Computer Sci6Computer Science is a very broad subject that crosses into many other subjects and areas of our lives. Computer Science is all about problem solving. Computer scientists use hardware and software to help solve complex problems.

At Trinity Catholic College we have developed our own bespoke Computer Science curriculum, designed for our students and with computational thinking and problem solving skills at its heart. In Year 9, Computer Science is an optional subject and the course is designed to develop the basic skills necessary for GCSE.



Year 7


  • Half Term 1 – GSuite skills
    The first topic focuses on developing ICT skills using Gsuite
  • Half Term 2 – Scratch Programming
    Students continue to develop their computational thinking and problem solving
    by designing computer programs using MIT’s Scratch.
  • Half Term 3 – What is Computing? part 1
    Students find out about computer hardware, software, data and learn to count in binary.
  • Half Term 4 – Solving a Murder
    Using databases and ICT, students gather evidence to solve a crime.
  • Half term 5 – Using computers safely and responsibly
    This unit focuses on e-safety and develops students understanding of how to conduct themselves online and some of the threats that they face
  • Half Term 6 – BBC Microbits
    Students continue to develop their programming skills and understanding of hardware and software using the BBC microbit micro-computers.


Year 8


  • Half Term 1 – Binary
    Students find out about computers work with binary data and develops some of the math skills required in computer science
  • Half Term 2 – What is computing? part 2
    Students find out about computer hardware, software, data and learn to count and add in binary
  • Half Term 3 – Spies
    Students learn about encryption in the context of WWII and the work of Alan Turing and the codebreakers at Bletchley park.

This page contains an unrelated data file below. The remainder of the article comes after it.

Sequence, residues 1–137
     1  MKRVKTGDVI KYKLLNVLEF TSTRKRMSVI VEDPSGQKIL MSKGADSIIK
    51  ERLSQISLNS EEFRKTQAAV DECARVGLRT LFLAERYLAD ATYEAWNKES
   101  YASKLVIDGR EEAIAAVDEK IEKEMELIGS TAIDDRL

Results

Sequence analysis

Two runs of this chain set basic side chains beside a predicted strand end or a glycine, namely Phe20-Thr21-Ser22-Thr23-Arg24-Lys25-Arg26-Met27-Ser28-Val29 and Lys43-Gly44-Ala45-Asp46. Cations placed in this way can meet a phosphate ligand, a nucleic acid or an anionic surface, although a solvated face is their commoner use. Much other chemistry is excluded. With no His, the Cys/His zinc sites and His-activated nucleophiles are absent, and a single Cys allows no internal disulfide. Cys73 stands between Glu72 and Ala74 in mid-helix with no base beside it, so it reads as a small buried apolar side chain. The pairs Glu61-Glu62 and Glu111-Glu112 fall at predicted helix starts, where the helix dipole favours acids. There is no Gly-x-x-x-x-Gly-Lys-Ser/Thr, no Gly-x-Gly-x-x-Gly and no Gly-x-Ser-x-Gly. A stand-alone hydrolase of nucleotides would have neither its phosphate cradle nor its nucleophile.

• Computer Sci2 2016Half Term 4 – Programming with Python
    Students develop their computational thinking and problem solving skills through learning to program in Python
  • Half term 5 – Spreadsheet modelling
    Students develop their skills in one of the more complex ICT areas – spreadsheets and data handling
  • Half term 6 – Computer Crime and Cyber Security
    Students learn about one of the wider issues caused by computing – cyber crime, and the measures that can be taken to protect against it


Year 9


  • Half Term 1-2 – Computational Thinking and Programming
    Students learn about computational thinking
    and problem solving while creating programs to
    solve problems using Scratch, Python and the
    BBC Micro:bit.
  • Half Term 3-4 – Programming
    Students develop their Python programming skills further with a focus on the skills necessary for GCSE computer science
  • Half Term 5 – Logic Gates and Binary
    Students develop their understanding of how computers process data and make decisions by looking at some of the decision circuits that are inside a computer and how they work with binary numbers
  • Half Term 6 – Networks
    This unit gives the students a chance to explore one of the more complex theory areas from the GCSE, looking at how computers communicate over networks



To assess the student’s’ progress, we have designed our own assessment model based
on the Computing at Schools assessment framework. Students are assessed against 6
different areas of computer science and gain digital badges as they progress. Students’ work is assessed every 3-4 lessons during a project and then formally assessed at the end of each project.